Tuesday, October 18th, 2011

Joe Goddard ft. Valentina – Gabriel

He’s from Hot Chip, she’s from Myspace…


Brad Shoup: Infatuation with the flutter proves fatal here. I’m a fool for a breathless second-person address, filled with phrases piling on each other: a troubled mind on overload, bent for satisfaction. But this track is suspended between strengths: a purely abstract approach, as broached by the intro, would have suited; so would a version filled with brimstone and blood. Instead, the airy skip of the track lifts the condemnation into the sky, until it’s hard to glimpse.

Jer Fairall: Glassy and austere, which makes it all the more startling when the vocals start in on a winding and emotionally complex narrative.  I haven’t quite managed to decode exactly what is going here yet, whether she’s railing against a button-pushing lover or shooting the ultimate messenger, but her barely constrained passion is such a tense counterpoint to the restraint of the music that I spend nearly six minutes fearing that the whole thing is about to implode.  

Iain Mew: Reminds me a lot of the Jamie xx single, with the way it puts together disjointed vocals and sounds to create something atmospheric and coherent. The difference is this has a song on top too. And what a song! Mysterious, sad and sung with a maginficent wounded strut that made me rush to check out Valentina’s own stuff (findings: it’s quite good). I love the way the miscued male vocal snippets make it feel like the other side of the story is trying to get in and not being allowed to. No steel drums though.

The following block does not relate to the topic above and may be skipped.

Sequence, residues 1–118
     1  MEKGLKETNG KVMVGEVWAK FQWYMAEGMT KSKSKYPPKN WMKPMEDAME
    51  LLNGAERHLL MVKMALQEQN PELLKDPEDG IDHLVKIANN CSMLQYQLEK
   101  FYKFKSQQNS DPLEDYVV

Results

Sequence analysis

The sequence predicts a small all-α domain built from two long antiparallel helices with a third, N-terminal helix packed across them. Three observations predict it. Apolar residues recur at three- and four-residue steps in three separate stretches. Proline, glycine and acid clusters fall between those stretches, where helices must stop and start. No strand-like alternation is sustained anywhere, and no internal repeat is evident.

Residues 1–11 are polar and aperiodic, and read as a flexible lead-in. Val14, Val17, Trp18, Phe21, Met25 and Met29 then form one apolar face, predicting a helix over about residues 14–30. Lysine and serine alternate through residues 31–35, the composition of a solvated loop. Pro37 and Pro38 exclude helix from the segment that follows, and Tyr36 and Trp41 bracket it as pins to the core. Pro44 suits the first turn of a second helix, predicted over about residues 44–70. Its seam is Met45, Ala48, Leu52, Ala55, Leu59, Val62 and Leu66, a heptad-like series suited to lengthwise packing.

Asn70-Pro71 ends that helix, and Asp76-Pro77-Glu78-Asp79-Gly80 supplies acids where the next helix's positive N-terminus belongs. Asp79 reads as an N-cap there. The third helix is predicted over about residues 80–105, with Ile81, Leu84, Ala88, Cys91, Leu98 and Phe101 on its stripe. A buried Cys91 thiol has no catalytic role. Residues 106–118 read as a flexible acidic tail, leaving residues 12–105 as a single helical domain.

Katherine St Asaph: Are Valentina’s parts sampled? If not, they should be; just as Bob Sinclar made “Far l’amore” into a Home Goods wall plaque carved with “L’Italia,” I’m almost haunted but keep getting distracted by Joe’s babbling and scratching himself in the back of the studio.

Ian Mathers: Okay, so part of me wants to hear the ‘original’ of this, since it almost sounds like a remix (but a good one!). I do really enjoy the Shakira-esque timbre of her voice, and Goddard’s production is nicely springy and well-suited to that voice. And when the whole thing gets a little more fleshed out at the right moments, it suddenly, subtly turns “Gabrielle” into something kind of epic. I really hope this isn’t their only collaboration.

Jonathan Bogart: The glitch is too insubstantial to bear the weight of that voice; I’d like to hear her sing something that breaks free of the polite narcissism of wallpaper techno.

Alfred Soto: The house beat and mumbled vocals create a frisson pleasant enough to get my shoulders moving, although my feet are still thinking about it. In 1999 I would have heard prototypes like this before 1 a.m. and after 5 a.m. at gay clubs.

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